Danielle St. Cyr
5 Steps to Great Keyword Research for SEO
There are few marketing challenges as intimidating to a SMB owner than the idea of figuring out keyword research.
But don’t despair, because we’ve demystified it for you! It’s not quick, and it can be somewhat complex, but you gain so much valuable insight into content creation that it’s ALWAYS worth it. Keyword research will help you create content that helps you rise to the top of organic search rankings and draw interested customers to your products and services.
Just follow these 5 steps to get started on keyword research for SEO:
Answer a few questions about your audience, what they’re searching for, and what you can provide to them. This is where having a good idea of your target audience, part of building your brand, comes in handy! Are they local, national, international? What is their demographic makeup? What kinds of things might they be looking for to make their lives easier or more fun? Why would they choose one brand over another, and what do they need to feel comfortable about choosing a product? Then take a look at what your company provides, thinking about your unique value proposition, and how you can differentiate your company online. This research will be helpful when you start focusing on specific keywords later and enable you to choose keywords that matter the most to your target audience and company.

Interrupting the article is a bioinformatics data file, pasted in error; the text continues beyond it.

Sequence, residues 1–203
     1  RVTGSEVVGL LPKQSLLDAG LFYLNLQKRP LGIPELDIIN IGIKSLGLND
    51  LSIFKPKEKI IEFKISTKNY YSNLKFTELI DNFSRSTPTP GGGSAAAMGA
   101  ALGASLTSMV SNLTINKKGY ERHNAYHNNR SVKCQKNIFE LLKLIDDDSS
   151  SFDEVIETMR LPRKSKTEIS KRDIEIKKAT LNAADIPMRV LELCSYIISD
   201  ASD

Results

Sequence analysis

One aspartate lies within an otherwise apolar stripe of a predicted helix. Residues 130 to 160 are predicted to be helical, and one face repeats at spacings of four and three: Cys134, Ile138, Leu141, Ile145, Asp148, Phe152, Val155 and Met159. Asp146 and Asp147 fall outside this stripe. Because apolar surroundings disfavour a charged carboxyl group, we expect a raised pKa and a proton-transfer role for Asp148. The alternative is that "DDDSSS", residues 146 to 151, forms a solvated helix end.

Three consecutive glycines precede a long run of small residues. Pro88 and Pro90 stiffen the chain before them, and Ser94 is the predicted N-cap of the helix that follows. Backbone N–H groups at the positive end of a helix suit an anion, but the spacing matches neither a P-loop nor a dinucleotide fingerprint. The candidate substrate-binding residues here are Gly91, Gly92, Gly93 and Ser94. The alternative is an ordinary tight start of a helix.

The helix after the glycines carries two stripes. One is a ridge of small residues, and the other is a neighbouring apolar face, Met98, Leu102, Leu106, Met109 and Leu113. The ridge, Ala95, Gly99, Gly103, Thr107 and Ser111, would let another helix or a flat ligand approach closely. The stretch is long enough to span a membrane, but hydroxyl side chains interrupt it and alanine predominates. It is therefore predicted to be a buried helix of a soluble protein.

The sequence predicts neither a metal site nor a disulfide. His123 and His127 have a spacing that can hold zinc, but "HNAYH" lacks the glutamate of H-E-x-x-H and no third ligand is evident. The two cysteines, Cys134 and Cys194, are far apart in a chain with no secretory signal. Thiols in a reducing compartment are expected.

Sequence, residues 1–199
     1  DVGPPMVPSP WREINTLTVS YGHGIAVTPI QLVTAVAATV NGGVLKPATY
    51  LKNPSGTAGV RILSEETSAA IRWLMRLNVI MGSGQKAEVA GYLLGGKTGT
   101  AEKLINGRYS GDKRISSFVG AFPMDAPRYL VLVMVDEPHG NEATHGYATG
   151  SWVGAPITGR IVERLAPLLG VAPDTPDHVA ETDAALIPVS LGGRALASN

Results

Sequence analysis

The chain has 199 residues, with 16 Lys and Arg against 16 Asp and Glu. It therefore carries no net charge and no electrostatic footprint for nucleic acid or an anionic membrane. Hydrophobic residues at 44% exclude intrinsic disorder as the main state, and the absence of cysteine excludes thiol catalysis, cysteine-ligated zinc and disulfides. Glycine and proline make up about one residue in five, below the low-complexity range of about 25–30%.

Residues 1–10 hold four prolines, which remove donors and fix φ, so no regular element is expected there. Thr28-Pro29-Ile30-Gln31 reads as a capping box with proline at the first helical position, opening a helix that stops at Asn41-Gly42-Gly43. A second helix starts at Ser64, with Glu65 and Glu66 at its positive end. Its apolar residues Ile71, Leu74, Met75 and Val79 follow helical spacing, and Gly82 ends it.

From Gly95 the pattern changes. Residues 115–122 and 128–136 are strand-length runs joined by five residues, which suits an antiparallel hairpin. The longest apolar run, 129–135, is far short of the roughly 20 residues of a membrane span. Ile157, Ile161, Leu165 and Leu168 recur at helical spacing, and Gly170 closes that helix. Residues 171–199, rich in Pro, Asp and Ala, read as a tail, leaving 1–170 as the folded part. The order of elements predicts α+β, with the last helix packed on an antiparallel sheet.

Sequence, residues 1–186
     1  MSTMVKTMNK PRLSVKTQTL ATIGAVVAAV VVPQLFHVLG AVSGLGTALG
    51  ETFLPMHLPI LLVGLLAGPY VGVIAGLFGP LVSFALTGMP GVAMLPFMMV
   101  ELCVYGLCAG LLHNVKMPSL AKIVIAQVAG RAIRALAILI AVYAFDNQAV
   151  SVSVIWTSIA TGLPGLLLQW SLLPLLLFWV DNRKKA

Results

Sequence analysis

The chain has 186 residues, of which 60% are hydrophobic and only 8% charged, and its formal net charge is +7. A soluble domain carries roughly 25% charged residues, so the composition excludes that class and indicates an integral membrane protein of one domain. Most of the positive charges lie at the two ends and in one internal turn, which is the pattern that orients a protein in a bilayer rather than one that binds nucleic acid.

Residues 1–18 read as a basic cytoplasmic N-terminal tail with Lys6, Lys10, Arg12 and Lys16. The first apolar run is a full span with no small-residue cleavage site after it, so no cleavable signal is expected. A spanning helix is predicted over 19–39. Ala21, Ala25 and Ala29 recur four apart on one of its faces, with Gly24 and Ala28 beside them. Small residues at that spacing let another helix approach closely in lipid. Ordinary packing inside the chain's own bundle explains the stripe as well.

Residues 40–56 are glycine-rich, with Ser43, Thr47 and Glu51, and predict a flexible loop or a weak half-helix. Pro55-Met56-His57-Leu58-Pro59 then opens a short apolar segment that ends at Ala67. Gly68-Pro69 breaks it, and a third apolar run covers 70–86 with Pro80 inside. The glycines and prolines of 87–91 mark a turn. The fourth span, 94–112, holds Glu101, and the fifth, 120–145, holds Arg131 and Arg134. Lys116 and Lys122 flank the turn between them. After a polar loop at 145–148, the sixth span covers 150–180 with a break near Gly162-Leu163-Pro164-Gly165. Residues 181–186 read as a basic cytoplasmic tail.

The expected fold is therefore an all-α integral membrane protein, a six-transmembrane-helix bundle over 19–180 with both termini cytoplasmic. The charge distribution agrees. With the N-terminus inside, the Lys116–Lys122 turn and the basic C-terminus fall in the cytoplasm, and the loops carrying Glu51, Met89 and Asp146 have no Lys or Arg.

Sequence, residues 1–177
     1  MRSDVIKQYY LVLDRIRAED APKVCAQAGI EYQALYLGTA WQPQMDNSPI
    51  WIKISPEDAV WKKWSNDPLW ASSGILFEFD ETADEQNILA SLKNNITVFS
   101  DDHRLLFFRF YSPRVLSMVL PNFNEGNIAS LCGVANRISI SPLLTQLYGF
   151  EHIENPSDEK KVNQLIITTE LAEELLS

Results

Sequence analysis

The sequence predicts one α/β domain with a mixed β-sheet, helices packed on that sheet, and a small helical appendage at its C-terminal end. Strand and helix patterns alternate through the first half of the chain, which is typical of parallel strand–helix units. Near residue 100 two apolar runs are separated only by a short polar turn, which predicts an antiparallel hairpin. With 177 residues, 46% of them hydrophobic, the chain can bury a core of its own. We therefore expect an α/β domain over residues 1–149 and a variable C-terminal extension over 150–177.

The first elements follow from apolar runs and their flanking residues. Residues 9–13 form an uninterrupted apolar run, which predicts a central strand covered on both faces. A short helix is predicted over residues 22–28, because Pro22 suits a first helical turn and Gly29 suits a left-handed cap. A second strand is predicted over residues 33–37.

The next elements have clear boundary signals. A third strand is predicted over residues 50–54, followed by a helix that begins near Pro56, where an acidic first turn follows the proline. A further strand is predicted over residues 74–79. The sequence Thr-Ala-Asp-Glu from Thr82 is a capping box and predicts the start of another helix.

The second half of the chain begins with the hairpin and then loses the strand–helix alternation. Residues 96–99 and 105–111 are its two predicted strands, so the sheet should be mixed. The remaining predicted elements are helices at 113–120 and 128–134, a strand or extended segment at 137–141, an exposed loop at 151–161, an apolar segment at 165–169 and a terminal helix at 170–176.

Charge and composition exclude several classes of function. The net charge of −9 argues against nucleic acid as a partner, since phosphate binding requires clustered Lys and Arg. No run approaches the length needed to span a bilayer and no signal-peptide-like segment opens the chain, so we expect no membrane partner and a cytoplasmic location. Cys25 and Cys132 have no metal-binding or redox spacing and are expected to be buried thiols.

Make a list of topics relevant to your business and brand. These should be general topics, not specific keywords. For instance, a hardware store might create topic “buckets” such as house painting, plumbing materials, lawncare equipment, and carpentry tools. These are the things people frequently ask about when they come into your store, that you talk about on sales calls, that you blog about often, and also that you WANT your business to be found for in an online search. Think big and broad!
Take a look at your competitors. It is very helpful to understand both who your top online competitors are (because they might not be the same as your brick-and-mortar competitors!) and the kinds of keywords your competitors are ranking for. The place to start is Google, and searching for your topic words should give you a good idea of the search landscape. You can see who comes up in the top spots frequently, and for which topics. You can also see where these top online competitors might be falling short – it’s a good idea to focus on ranking for those topic keyword groups, especially if you’re up against huge national companies.